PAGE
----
I wrote about four years ago concerning the sketches to the Cello Concerto
Tchaikovsky set out to write. I have found those sketches in a Schott publication,
and am determined to finish the work, during my lifetime. I am, however, puzzled
by the choice of meter for the first movement (9/8–3/4), and the saturation
in the etched rhythm. Other than the introduction to the 1st Piano Concerto, none of his
"real" concertos begin that way. And if he indeed wanted to orchestrate that
60mm passage as is, it would make a great introduction. But if he had taken
the passage apart, you can enter a secord theme after some development. Are
there any letters or speculation to what the composer intented to do with
the given passage?
And my other question is: Are you familiar with Gaspar Cassado's arrangement
of Tchaikovsky's Piano Pieces Op. 72 into a Concerto form? If so, are you aware of any rare recordings,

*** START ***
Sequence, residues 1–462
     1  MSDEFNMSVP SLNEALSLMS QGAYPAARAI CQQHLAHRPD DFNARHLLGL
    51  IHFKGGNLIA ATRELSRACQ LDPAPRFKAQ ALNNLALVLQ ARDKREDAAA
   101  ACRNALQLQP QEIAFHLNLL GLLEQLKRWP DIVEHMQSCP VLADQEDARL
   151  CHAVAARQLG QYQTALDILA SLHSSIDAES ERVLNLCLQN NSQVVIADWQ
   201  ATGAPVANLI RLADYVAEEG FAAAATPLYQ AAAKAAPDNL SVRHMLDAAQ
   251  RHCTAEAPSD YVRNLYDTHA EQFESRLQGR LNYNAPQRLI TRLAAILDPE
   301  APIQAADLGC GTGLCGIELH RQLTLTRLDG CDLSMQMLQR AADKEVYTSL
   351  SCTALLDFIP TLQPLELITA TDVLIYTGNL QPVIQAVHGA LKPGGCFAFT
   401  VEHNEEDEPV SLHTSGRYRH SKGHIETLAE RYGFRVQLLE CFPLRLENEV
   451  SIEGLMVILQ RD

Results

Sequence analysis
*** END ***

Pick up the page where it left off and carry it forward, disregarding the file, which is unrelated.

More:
or any music stores having a coopy of the Score and or Piano Score, since
it went out of print with Schott?
Although Tchaikovsky was known to have told at least one person in October
1893 that he was writing a Cello Concerto, and may even have played it through
to another, there are no letters or other testimony that might have given
a clue to its structure. But it may be helpful to bear in mind that in other
works (e.g. the Sixth Symphony),
Tchaikovsky's sketches often began with the main theme or themes, with the
introductory material added at a later stage.
I did not know about Cassado's arrangement of the Op. 72 set, but I would be curious
to know more about them.
I just got my hands on a copy of the Tchaikovsky-Cassado Cello Concerto
in E major, Based on Op. 72.
I got it through a library. From looking it over on my cello and piano, this
seems to be a very well arranged work. Using Tendres reproches and Chant elegiaque in the first movement; Meditation in the second,
and Characteristic Dance in the last, its orchestration is 18.104.22.168–22.214.171.124-Timp,
perc., Harp and Strings. Its length is 36 minutes. It was one of Cassado's
favorite concerto to perform, but there are no commercial recordings. I wish
to one day play this work with an orchestra.
The work is out-of-print, but is available for hire from Shott Music. It
was published in 1940, the edition number is 3743, and the klavier was made
by W. Hammer.